The Burning of Primary and Secondary Alcohols
Year 11A Chemistry
By Jarrod Ahern
The aim of the investigation was to determine whether primary alcohols use less energy than secondary alcohols for fuel. The hypothesis is if primary alcohols are heated and results are taken, they produce a lesser heat of reaction then secondary alcohols. The method used was to find the average bond energies of three relating primary and secondary alcohols and compare it with the average theoretical values. Hence the primary alcohols produce less energy most of the time and this was tested by using the correct methods.
Pg 1 - Aim
Pg 1-2 - Theory
Pg 2 - Hypothesis
Pg 2-3 - Variables
Pg 3 - Apparatus
Pg 3 - Procedure
Pg 4 - Results
Pg 5-6 - Analysis
Pg 7 - Discussion
Pg 8 - Conclusion
Pg 9 - Appendices
Pg 11 - Bibliography
There are many different purposes for fuel around the world right now. The use of fuels has increased and we are investigating to find the most essential fuels for various things. Using the most effective fuel source is essential. Hence, various primary and secondary alcohols will be tested to see which uses the lesser energy. The investigation is aimed to determine whether primary alcohols use less energy than secondary alcohols for fuel. Theory
An alcohol is referred to as groups of organic chemical compounds. Alcohols occur when a hydroxyl (-OH) functional group replaces one or two of the hydrogen atoms. There are many types of alcohols but they are classified by their structure. Primary, Secondary and Tertiary depending on how many carbons are attached to the OH group. Primary and Secondary structures will be the main focus of this assignment. Primary alcohols are when the carbon atom that carries the –OH group is only attached to one alkyl group. A secondary alcohol is when the OH is directly linked to two of the alkyl groups. The tertiary is the final alcohol group this occurs when the OH molecule is attached to three alkyl groups.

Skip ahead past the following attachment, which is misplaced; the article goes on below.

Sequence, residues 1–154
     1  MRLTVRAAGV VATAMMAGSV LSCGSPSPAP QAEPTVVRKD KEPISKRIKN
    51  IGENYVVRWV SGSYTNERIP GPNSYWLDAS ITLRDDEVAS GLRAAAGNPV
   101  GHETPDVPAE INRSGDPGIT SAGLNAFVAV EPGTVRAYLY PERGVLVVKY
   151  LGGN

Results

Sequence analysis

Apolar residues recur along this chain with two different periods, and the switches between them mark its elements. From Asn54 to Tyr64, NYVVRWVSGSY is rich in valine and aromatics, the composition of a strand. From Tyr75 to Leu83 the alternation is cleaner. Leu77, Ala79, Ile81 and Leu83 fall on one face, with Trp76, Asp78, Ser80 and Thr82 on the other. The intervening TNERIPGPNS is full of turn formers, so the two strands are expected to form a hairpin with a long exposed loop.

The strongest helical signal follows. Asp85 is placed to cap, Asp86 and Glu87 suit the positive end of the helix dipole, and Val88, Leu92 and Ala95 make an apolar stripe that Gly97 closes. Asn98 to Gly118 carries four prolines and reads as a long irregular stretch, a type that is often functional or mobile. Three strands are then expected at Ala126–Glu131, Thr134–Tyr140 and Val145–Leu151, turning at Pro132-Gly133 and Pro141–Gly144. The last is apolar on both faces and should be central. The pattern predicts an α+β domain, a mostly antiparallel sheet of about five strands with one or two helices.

When chemical reactions occur they require energy to break and form bonds which is released in the form of heat. There are two different types of enthalpy reaction, endothermic and exothermic. Endothermic is when a system absorbs the heat and turns cold, and when it produces heat it is known as an exothermic reaction. However, this investigation will only analyse exothermic reactions. Enthalpy cannot be measured directly, it is calculated as the heat added or lost in the reaction which is the change in enthalpy, or H. H shows the difference between the enthalpy at the start of the reaction compared to what it is at the end of the reaction. Hess’s Law is a method used to find enthalpy change within a reaction. Hess's law is the sum of the heats of formation of the products minus the sum of the heats of formation of the reactants is equal to the enthalpy change of the reaction. It is very important as it determines the enthalpy change of a reaction even if it’s not easily measured directly. Combustion is a key factor that is looked at in this report. Combustion is a form of exothermic chemical reaction in which a reaction between two or more chemicals produces heat. For combustion to take place a fuel source and oxygen is needed and this can take
place anywhere in the atmosphere or in a closed system. When an exothermic reaction occurs involving a fuel heat is created, as well as carbon dioxide and water. When a substance is completely broken down and transformed into oxygen and carbon dioxide the combustion is complete but it is almost impossible to accomplish. In this experiment, combustion took place when the alcohols where being burnt. The bonds broke and the fuel completely disappeared and turned into oxygen and carbon dioxide. There wasn’t enough time for the combustion to complete and this would result in soot on the bottom of the test tube.
If primary alcohols are heated and results are taken, they...
Bibliography: Anne Marie Helmenstine (2011) About Chemistry, retrieved August 27 from <http://chemistry.about.com/od/workedchemistryproblems/a/bondenergyexmpl.htm>
Author unknown (2011) Combustion Training, retrieved August 31 from <http://www.e-inst.com/combustion/>
Author Unknown (n.d) Definition of Hess’s Law, retrieved August 23 from http://www.cramster.com/definitions/hesss-law/244
Author Unknown (n.d) Stoichiometric Combustion, retrieved August 23 from http://www.engineeringtoolbox.com/stoichiometric-combustion-d_399.html
Dortmund Data Bank Software & Seperation Technology (2009) HFO (Std. Heat of Formation) Data for Propanol, Retrieved September 6 from <http://onlinelibrary.wiley.com/doi/10.1002/recl.19700891208/abstract>
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